TALLAHASSEE -- Senate and House committees Tuesday passed bills aimed at banning fracking, an oil-drilling technique widely criticized for its negative environmental impact.
While the bills have faced significant pushback from environmentalists across the state, no significant changes have been made to address their concerns. Both bills have loopholes that would allow use of another type of drilling technique called matrix acidizing, a process that involves injecting an acid solution at a pressure low enough to not be considered hydraulic fracturing.
Lawmakers who support the proposals say that even if the bills aren’t exactly what environmentalists want, it does more than doing nothing at all.
“Is it completely perfect? Is it everything we want? No, it’s not,” said Rep. Kristin Jacobs, D-Coconut Creek. “We have to do something. The idea that we’re not going to act because it isn’t perfect, I reject.”
Sen. Lizbeth Benaquisto echoed the sentiment as she questioned an environmentalist who asked that the senators vote no on the bill.
“Wouldn’t it be prudent to take the wins where you can get the wins?” the Fort Myers Republican asked.
Tuesday morning, the House Appropriations subcommittee on agriculture and natural resources voted 10-2 for HB 7029, filed by Key Largo Republican Holly Raschein.
Later Tuesday afternoon, the Senate Innovation, Industry and Technology Committee voted 6-4 along party lines for SB 7064, a bill filed on behalf of the Senate Agriculture Committee by Sen. Ben Albritton, R-Wauchula. Albritton also proposed an amendment to protect the Everglades, which was adopted in its last committee stop.
Environmentalists have repeatedly said matrix acidizing puts Florida’s underground water supply at risk of pollution. Groups have argued that the state’s porous geology of limestone rock makes fracking a serious threat, especially because most of the state’s drinking water comes from underground.
David Cullen, a lobbyist for the Sierra Club, said because Florida is so porous, matrix acidizing is used disproportionately compared to other forms of fracking that fall under the bill.
“What they’re saying is ‘you’re getting two-thirds. Don’t be greedy,’ ” he said. “What you’re really getting is 3 percent and the industry gets 97 percent. It’s not a bargain for anybody in the state of Florida except the oil and gas industry.“
Kim Ross of ReThink Energy Florida said it’s not a fracking ban until matrix acidizing is included.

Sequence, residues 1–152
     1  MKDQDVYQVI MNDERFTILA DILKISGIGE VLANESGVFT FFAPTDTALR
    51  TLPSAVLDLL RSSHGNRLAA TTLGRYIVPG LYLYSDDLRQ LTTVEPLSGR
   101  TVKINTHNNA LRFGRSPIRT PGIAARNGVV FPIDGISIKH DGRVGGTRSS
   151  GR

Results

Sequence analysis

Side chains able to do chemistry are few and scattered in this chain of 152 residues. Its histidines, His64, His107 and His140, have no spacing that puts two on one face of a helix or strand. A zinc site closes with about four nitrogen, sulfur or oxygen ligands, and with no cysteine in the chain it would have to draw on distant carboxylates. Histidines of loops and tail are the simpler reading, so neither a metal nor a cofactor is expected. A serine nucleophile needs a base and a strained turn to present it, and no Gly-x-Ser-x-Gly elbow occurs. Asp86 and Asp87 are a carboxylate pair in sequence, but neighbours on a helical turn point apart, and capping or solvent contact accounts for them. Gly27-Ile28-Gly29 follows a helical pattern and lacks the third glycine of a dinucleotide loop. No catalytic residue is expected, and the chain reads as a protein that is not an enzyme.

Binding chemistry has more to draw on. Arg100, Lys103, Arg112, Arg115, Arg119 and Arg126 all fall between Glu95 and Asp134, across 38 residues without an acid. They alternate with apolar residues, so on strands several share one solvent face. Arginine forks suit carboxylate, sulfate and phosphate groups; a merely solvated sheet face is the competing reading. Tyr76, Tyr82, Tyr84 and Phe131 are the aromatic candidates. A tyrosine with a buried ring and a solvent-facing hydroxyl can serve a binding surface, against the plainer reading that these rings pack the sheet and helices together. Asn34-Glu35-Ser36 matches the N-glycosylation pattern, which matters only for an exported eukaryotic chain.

“Two of the three forms of fracking being banned leaves open the same risks,” she said. “If only two-thirds of this process is banned, you still have 100 percent of the risk.”
Well drillers and lobbyists from the petroleum industry argue that matrix acidizing is mainly used to remediate damage and maintain wells that get clogged or damaged from drilling operations, and therefore should not be included in the fracking ban. However in the Senate committee Tuesday, the executive director of the Florida Petroleum Council said those in the industry often use matrix acidizing to extract oil as well.
“We do both,” David Mica said. “The term is a scary term, isn’t it? Matrix acidizing? That chemical process is much like what we do when we’re cleaning a water well.”
A similar fracking ban bill filed by Sen. Bill Montford, D-Tallahassee, includes the matrix acidizing provision but will likely not be heard this session. Environmentalists call his the “good bill.”
Albritton said critics who say his bill has a loophole are misinformed.
“I’m not sure, quite frankly, what they’re talking about as a loophole,” he said Tuesday. “[Matrix acidizing] is a term that has popped up. This bill bans fracking and gives definitions; hydraulic fracking. I’m certain they’re incorrect.”
According to a staff analysis of the Senate bill, oil and natural gas production in Florida peaked at 47 million barrels in 1978. In 2017, just 2 million barrels were produced and as of 2018, only 57 active wells were left. Rather than hydraulic fracturing, well operators in the state have generally preferred alternatives to fracking to recover oil and gas resources.
In 1990, the state enacted a drilling ban for state water. Earlier this year, Gov. Ron DeSantis unveiled sweeping measures to protect the state’s aquifer and clean up the state’s water supply. He then went further and announced fracking bans as a priority.
Vermont, New York and Maryland all prohibit hydraulic fracturing.
If a fracking ban passes this legislative session, Florida’s Department of Environmental Protection will have to revise existing rules to implement the ban.